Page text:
Do not travel in the backcountry unless:

  • You know where and why avalanches occur.
  • You have checked the avalanche forecast in our region at the Sierra Avalanche Center.
  • You carry rescue gear and know how to use it.
  • You have learned to recognize the five red flags of an avalanche.

It is highly recommended to take an avalanche and avalanche rescue course. Local education providers can be found here.

To find avalanche information for the region, visit Washoe County Advisories – Avalanche.

~ North Lake Tahoe Fire Protection District press release 

Presidential Primary Election Materials to Placer County Voters


Placer County voters should be on the lookout for the March 5 Presidential Primary Election Placer County Voter Information Guide. The guide provides information about the offices and measures on the ballot this election and a list of vote centers and secure ballot drop box locations available throughout Placer County. Guides will be mailed to all active, eligible voters starting Jan. 25.

If the voter information guide has not been received by Feb. 8 or if it has been misplaced, contact the elections office at (530) 886-5650 or (800) 824-8683 and a replacement will be mailed. View the voter information guide on Placer’s elections website at

All active, eligible Placer County registered voters will be mailed a vote-by-mail ballot for the March 5 Presidential Primary Election by Feb. 5. Voters may request a replacement ballot from Feb. 5 through Election Day, March 5, by filling out the vote by mail application on the elections website or calling the elections office. Placer County also offers a remote accessible vote by mail option to all registered voters.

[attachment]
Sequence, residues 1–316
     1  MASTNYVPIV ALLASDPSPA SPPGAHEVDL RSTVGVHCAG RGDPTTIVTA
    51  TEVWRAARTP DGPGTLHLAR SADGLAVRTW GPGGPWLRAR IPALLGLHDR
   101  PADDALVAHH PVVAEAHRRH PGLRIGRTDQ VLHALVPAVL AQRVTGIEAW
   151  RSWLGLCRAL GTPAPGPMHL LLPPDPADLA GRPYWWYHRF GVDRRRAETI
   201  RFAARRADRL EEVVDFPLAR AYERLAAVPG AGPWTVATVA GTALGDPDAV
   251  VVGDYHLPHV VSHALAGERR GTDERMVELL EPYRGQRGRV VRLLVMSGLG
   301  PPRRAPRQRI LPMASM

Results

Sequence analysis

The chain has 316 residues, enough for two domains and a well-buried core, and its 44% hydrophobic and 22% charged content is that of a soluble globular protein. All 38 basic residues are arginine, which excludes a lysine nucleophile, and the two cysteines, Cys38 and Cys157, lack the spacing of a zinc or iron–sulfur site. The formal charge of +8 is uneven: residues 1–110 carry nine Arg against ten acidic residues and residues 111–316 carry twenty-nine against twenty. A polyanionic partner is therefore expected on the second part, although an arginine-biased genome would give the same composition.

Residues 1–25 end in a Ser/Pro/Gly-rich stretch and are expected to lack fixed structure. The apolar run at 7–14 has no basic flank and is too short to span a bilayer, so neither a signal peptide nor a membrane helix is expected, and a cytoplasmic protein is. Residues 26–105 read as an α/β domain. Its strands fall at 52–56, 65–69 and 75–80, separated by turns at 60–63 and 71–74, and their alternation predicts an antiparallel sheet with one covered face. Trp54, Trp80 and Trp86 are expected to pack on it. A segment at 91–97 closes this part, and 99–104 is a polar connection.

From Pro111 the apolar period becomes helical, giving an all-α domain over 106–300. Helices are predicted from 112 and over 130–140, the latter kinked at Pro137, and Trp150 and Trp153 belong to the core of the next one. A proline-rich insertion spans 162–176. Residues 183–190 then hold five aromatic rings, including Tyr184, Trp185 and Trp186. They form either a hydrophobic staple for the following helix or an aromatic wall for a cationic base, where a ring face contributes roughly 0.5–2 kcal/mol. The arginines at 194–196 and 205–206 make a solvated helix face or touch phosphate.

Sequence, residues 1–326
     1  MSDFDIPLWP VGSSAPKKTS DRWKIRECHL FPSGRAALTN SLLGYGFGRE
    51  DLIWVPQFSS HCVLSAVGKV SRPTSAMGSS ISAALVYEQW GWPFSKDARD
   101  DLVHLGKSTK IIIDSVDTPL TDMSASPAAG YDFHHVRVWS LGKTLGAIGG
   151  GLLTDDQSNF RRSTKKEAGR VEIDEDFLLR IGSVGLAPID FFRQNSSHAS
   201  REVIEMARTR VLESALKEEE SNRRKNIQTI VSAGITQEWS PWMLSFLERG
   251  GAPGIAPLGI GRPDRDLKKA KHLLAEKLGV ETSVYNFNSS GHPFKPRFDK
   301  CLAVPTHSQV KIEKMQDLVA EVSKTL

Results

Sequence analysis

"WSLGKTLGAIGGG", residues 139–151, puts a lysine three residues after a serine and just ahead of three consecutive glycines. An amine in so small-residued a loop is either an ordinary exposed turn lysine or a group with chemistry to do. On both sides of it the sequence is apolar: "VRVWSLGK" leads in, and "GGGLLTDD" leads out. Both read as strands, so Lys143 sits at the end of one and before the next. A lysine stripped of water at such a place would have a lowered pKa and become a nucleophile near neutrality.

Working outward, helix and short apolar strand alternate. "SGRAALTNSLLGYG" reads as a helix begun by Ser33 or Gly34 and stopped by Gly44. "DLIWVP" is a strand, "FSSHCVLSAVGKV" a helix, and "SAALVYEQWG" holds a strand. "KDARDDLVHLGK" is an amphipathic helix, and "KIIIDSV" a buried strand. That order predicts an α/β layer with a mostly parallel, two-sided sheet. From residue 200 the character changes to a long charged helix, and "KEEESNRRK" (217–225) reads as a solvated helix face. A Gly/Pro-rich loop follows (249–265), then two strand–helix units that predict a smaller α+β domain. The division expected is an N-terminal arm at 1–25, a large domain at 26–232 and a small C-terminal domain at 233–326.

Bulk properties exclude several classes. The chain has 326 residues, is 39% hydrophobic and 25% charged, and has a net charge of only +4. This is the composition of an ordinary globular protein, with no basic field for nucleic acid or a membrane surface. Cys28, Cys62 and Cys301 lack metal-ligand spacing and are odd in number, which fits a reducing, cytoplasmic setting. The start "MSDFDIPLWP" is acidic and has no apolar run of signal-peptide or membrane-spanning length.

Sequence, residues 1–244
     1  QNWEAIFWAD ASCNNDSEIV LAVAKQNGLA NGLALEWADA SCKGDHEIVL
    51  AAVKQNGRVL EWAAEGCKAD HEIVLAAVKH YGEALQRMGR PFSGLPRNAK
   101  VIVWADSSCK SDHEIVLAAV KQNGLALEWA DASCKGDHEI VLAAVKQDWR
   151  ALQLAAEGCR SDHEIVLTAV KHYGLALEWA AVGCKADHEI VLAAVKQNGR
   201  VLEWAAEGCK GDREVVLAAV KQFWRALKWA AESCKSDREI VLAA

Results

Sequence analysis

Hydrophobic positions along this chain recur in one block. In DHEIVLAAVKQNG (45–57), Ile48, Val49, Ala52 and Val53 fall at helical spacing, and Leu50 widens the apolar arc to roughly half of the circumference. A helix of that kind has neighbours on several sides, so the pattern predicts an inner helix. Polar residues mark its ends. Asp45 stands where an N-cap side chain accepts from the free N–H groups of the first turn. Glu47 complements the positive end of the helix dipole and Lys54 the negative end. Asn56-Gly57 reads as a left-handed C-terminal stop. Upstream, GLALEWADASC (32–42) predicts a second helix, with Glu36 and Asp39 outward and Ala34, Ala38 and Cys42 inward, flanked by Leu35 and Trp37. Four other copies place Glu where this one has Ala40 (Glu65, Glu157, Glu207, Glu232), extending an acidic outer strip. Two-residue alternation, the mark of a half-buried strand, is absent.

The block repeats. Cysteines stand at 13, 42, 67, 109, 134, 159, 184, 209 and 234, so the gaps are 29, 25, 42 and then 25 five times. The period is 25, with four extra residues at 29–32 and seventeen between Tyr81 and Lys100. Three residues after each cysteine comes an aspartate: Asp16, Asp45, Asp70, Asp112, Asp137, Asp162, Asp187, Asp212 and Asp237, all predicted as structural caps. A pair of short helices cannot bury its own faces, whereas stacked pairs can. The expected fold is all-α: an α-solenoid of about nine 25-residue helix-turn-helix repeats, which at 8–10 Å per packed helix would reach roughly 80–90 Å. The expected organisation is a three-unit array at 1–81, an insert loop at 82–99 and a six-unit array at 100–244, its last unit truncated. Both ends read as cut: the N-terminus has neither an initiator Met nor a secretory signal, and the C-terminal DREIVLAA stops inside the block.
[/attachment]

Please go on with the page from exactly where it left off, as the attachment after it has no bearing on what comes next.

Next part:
Placer County will have translated sample ballots in Spanish, Tagalog, Korean, or Punjabi that voters can use as a reference guide when voting their own ballot. To find out if the vote centers in your precinct will have a translated sample ballot in your language, or to request one be sent to you before Election Day, please call the elections office no later than seven days before Election Day.

Placer County voters are permitted to go to any vote center in the county for in-person voting. A list of locations will be included in the county voter information guide. 

If you have recently interacted with the DMV, your voter registration information may have been changed. Review your information at

~ Placer County press release

IMPROVING ROAD SAFETY: Tahoe Regional Planning Agency hopes that its Vision Zero Strategy will make roads safer and accessible. Photo courtesy TRPA, Sarah Underhill

Vision Zero Strategy Aims to Make Tahoe Roads Safer


From 2013 to 2021, there were 41 fatalities and 183 life-changing serious injuries on Tahoe’s roadways according to crash data reported by state and local law enforcement agencies. To help prevent these crashes, the Tahoe Regional Planning Agency (TRPA) this week released the draft Vision Zero Strategy for the Lake Tahoe region. The data-backed strategy includes proposed policy changes and priority projects to help transportation partners across the Lake Tahoe region improve safety for all road users, the agency said.

The Vision Zero Strategy aims to reduce traffic fatalities and serious injuries while increasing safe, healthy, and fair mobility for all. TRPA encourages members of the public to review and comment on the draft document through Feb. 2.

The Vision Zero Strategy will roll up into the 2025 Regional Transportation Plan update along with the recently completed Transportation Equity Study and Tahoe Trails Strategy. TRPA leads transportation improvement, planning, and funding in the Tahoe region to improve safety, create more walkable and bikeable communities, and protect Lake Tahoe’s air and water quality.